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Apple’s problem pinch point – can iOS 17 solve it

We demand and crave something new constantly but can Apple keep up with it?

Apple iOS17 and Apple Services

Is it our fault?

Apple’s WWDC has just come & gone and now for the wait until later this summer when we get to pull apart what was on offer with the latest OS and software updates.

If Apple were for just one year to take their foot off the OS gas there would be outrage. But with that constant demand that we place on them is it any wonder that some years what they deliver falls slightly short of our expectations?

Do we simply ask for too much from Apple?

Its OS time of year

Of course we have come to expect Apple to release a bank of new operating systems at the annual developers conference and this year was no different.

The stars of the show were probably iOS and watchOS. We know that this year the pressure was on as manpower at HQ was scarce due to getting Apple Vision ready for launch at WWDC.

We had heard big things about watchOS in the run-up to the summer event but all we actually got were Smart Stacks, some new watch faces. That’s being a little harsh I know as there were also some improvements to health & fitness, but even so, they were not that exciting.

Again playing devil’s advocate for just a moment what did we really get with iOS 17? Contact Posters, Live Voicemail and improvements to AirDrop and Autocorrect.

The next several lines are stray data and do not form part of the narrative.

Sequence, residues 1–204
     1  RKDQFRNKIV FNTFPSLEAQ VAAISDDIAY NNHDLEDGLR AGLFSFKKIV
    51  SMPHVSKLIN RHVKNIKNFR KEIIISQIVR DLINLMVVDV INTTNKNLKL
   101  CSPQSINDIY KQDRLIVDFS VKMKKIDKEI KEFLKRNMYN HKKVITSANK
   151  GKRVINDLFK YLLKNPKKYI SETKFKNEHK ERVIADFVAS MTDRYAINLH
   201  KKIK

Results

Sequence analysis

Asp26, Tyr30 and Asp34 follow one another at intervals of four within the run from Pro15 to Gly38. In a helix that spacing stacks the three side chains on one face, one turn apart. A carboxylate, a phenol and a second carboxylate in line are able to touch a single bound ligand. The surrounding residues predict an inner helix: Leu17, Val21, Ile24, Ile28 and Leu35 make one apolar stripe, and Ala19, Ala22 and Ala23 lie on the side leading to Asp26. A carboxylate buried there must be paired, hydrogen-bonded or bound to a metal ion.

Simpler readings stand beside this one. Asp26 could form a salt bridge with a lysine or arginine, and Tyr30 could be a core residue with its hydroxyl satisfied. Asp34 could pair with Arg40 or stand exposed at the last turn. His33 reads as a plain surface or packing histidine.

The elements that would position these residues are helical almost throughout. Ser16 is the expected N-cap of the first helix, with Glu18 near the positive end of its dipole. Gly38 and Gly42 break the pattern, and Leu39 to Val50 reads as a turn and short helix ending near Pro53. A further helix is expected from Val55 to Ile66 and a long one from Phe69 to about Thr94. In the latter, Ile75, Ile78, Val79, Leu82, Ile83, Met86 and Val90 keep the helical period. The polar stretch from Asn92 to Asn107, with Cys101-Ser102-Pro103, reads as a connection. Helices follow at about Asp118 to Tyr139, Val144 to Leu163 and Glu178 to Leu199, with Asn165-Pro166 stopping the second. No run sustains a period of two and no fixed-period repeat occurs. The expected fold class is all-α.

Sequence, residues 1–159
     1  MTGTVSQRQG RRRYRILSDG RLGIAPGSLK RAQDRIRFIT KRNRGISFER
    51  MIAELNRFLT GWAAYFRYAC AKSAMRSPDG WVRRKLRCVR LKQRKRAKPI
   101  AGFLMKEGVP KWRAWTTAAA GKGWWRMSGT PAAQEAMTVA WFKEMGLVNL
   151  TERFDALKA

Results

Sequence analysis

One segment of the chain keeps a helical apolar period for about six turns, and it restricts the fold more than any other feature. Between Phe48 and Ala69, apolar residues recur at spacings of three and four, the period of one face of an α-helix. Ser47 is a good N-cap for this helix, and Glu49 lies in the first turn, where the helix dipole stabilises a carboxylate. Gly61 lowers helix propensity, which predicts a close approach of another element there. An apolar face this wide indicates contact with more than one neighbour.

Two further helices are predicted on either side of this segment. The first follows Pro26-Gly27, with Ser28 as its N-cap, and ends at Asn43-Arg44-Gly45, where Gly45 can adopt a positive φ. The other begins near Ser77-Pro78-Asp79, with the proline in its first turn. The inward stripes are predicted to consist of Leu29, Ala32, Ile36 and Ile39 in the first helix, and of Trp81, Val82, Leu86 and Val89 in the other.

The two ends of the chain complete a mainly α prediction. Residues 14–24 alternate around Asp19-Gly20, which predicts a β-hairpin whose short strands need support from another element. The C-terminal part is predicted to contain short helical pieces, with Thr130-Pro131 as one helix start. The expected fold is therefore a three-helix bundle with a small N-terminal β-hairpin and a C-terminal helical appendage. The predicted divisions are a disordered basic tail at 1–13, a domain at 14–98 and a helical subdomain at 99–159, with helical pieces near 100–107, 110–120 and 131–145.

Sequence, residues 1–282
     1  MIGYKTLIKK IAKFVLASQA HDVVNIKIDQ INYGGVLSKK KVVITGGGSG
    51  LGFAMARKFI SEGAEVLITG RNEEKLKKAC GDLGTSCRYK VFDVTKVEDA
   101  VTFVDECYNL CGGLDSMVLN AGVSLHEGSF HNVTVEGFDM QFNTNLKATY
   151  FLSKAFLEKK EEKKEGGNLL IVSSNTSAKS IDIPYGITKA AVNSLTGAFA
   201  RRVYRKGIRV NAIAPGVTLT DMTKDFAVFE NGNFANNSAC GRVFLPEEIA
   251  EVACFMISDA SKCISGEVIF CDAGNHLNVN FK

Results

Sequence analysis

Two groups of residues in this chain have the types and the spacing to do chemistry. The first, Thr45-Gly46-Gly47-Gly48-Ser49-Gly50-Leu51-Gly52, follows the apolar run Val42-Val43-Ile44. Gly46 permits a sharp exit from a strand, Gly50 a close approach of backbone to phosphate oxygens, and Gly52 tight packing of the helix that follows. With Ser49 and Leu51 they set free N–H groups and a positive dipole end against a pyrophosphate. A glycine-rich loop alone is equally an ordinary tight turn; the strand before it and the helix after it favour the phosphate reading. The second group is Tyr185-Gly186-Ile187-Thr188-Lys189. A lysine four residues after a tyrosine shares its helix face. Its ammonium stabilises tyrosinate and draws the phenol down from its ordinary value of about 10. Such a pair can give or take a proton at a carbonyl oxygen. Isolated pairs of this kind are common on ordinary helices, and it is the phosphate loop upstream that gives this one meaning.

CarPlay, TV and iPad all got a lick of paint and some bits and bobs done to them and macOS Sonoma only got interactive widgets and slo-mo screen savers lifted straight from Apple TV.

As much as this sounds as if I am stacking up to take a pop at Apple, actually, I’m not.

Take a breath

I’m not trying to defend the pressure that Apple faces – they are the biggest and best and have the pick of the finest brains working for them.

But that to one side for a moment, just imagine the pressure they are under annually to dream up new toys to please us when they roll up at WWDC to show us the latest OS. Some years it stands to reason that changes will be minor, or like this year generally more lifestyle improvements.

Is it us that are expecting too much from Apple? How would you feel if there was a year’s hiatus on a major OS release and all we got were patches & bug fixes? Would that not give Apple the chance to stand back, breathe and come back with something more meaningful?

We’re getting to a point where hardware and software are so damned good that it’s hard to know what else we should expect from them. Rarely do systems crash or underperform and we already have super useful features such as AirDrop, Handoff and Live Text at our disposal anyway – these are things I use every day and have never been left thinking “If only AirDrop could do this…”

Taking one for the team

So on this point, I’ll throw my hat in the ring to stand up for Apple – asking for meaningful and big improvements year-on-year is nigh on impossible when what we have is already so good & complete.

The OS is only part of it though – some of their software could be improved more regularly. Music and Podcasts are getting some decent improvements this year finally and some could argue features such as crossfading have been too long in coming to Apple’s music player.

This got me thinking how about if our expectations of Apple were a little more realistic. Let’s go to a bi-annual overhaul of OS and then instead focus on making the apps as contemporary and feature-packed as possible.